Play is one of the most important ways in which children learn. It underpins formal learning later in childhood, but also enables the individual child to develop their self-worth.
In fact, the right to play is deemed so fundamental to children’s wellbeing, that it is enshrined by the UN as a universal children’s right.
It strengthens powers of concentration, essential for a successful future in the classroom, and underpins everything from learning social interactions and norms, to the beginnings of scientific thinking.
Play is particularly important for the younger child. Preschool children, and those in Reception, learn through the EYFS National Curriculum, which is inherently play-based. It is the foundation of childhood development in terms of language, emotional intelligence and regulation, creativity, and intellectual reasoning.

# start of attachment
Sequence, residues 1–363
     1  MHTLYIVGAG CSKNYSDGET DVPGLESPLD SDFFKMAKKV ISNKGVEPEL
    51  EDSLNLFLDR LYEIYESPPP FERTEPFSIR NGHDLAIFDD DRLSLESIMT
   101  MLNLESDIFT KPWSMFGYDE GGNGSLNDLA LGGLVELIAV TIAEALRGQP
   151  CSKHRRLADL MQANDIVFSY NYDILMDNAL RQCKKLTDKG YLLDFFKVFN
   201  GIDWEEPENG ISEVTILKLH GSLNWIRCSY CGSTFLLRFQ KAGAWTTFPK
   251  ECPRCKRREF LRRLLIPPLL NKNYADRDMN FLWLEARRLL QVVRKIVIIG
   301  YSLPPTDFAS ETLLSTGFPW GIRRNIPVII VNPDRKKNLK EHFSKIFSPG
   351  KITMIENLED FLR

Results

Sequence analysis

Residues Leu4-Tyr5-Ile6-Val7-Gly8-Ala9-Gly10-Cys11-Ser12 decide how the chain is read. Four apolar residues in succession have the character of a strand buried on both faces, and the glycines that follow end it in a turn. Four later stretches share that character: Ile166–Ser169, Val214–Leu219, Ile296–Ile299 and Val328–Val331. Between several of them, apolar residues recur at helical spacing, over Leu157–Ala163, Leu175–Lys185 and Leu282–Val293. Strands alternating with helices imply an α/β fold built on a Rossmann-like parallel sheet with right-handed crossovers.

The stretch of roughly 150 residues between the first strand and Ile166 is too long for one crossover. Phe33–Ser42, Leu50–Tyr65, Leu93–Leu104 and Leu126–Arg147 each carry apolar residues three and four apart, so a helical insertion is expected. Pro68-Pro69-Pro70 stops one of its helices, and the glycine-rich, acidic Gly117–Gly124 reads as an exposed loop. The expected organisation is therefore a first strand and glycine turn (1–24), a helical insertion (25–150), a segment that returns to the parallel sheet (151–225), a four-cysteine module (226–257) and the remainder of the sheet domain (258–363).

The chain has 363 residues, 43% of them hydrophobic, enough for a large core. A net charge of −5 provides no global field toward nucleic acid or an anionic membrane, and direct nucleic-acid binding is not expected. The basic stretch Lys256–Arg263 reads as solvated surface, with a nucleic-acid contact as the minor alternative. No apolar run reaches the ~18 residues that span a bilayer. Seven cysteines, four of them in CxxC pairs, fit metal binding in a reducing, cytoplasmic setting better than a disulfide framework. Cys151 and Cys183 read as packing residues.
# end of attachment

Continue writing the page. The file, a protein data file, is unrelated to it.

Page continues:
According to the book ‘Einstein Never Used Flash Cards’ by Golinkoff, Hirsh-Pasek, and Eyer, play can be broken down in to five core elements:
- Be fun and enjoyable
• Have no set goals
• Be spontaneous and voluntary
• Involve active engagement
• Involve an element of make-believe
Here, we explore our top 15 activities for helping children learn through play:
Sand play is a fantastic opportunity for the foundations of scientific learning and developing self-confidence and physical development. Scooping, digging, pouring and sifting teaches children how things work, whilst also building their muscles and coordination. Done alongside a little pal, and it becomes about teamwork, sharing, and social skills.